But he is gone, and God sends a reminder that there is still work to do. Two unknown men appear among them and ask “Men of Galilee, why do you stand looking up toward heaven?” Enough of your longing and looking, the time has come to be the church without the physical presence of Jesus. “He will come back some day,” they seem to say, “but there is work to be done right now.”
So, they all go back to Jerusalem. They are all there, the 11 remaining disciples, plus the women who are part of the community. Even his mother Mary is there. They gather again in the familiar upper room and begin being the church by devoting themselves to community and to prayer.
Thousands of years have passed, yet it is easy to find ourselves today in a place that is similar to the disciples’ place in this story. For one, we are still looking for Jesus to be the Messiah we want. “Lord, is this the time when you will restore the kingdom of Israel?” I think we are still looking for God to restore the Empire, and for us to have places of power within that Empire structure. How often are our prayers asking for power, authority, recognition, and wealth? Our ideas about the kingdom may have changed but we are certainly after the same things. We don’t want to worship a Messiah who offers humility, meekness, and death. We want to worship a Messiah who brings power, security, and endless life. “Lord, when will you be the Messiah we are looking for?”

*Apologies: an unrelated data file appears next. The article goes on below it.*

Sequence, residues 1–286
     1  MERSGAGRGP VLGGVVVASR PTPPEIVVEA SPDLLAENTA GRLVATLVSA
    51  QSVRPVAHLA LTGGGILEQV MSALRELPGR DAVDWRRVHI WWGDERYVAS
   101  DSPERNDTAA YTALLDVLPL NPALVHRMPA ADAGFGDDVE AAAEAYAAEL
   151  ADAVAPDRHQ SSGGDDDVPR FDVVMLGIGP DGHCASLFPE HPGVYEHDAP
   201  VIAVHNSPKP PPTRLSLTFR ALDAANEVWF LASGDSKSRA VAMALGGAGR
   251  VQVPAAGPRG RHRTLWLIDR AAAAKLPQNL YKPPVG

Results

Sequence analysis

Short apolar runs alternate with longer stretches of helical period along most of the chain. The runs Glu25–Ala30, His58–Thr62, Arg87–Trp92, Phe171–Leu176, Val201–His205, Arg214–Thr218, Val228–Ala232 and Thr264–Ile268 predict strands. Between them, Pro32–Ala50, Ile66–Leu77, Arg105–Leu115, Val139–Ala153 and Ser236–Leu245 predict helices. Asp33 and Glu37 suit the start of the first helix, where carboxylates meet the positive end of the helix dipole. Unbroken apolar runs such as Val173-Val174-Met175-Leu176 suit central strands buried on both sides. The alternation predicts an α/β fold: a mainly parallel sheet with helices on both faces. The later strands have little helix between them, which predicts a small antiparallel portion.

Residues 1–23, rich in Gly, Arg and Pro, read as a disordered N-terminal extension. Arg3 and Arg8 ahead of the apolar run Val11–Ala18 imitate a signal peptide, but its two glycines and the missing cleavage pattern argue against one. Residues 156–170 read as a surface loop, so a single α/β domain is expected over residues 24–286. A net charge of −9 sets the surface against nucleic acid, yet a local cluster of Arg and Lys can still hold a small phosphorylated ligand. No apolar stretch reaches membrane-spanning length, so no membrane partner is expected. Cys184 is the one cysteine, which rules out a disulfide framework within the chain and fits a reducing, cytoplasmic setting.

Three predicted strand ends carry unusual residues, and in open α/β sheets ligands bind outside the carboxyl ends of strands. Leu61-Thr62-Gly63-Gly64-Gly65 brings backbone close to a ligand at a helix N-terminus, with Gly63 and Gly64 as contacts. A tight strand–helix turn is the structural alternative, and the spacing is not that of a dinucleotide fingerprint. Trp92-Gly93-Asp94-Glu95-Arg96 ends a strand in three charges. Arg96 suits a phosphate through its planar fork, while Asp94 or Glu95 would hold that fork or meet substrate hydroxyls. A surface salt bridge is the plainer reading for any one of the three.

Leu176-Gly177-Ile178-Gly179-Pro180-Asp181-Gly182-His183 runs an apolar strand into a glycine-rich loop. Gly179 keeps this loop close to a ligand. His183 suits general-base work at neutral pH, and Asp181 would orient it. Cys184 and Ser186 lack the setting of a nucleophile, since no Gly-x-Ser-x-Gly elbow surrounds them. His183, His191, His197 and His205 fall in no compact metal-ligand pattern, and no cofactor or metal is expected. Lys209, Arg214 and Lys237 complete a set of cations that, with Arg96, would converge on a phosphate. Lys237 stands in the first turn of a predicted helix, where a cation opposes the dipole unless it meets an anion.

Of course, God is never going to give us a kingdom that looks like Empire. Like the disciples, the power we are offered is the power of the Holy Spirit. Like the disciples the authority we are offered is the authority to preach the gospel. These gifts are given specifically to be used against the Empire of our day. Rather than giving us the power to rule, Jesus offers the community the power to speak against those who are in authority. And it is something that we can only do together. Jesus encourages the disciples to remain together to share the gifts of the Holy Spirit. So too, we are called to remain together as a community that uses the Spirit’s power to speak truth to Empire.
Of course, we have as difficult a time doing this as the original disciples did. How often do we find ourselves squinting up at the sky, staring into heaven, looking for something more from God? We engage in this behavior in countless different ways. Some of us are busy literally staring at the sky, looking for the signs of Jesus’ eminent return as promised. We are counting the days of the “end times” and busily preparing to meet our maker and to take our place in the Empire we imagine he will bring.
Some of us do this when we spend all of our time parsing theological minutia. Is Jesus 50% human and 50% divine we wonder, or is it more of a 60/40 split? Or can he somehow be 100% of both? We parse the language of the gospels and search the early church record in a constant quest to find concrete answers to spiritual mysteries. We have no time to do the work of the church because we are so busy trying to define every last part of the faith. Like staring into heaven we are squinting at the Scriptures and pulling them apart with tweezers.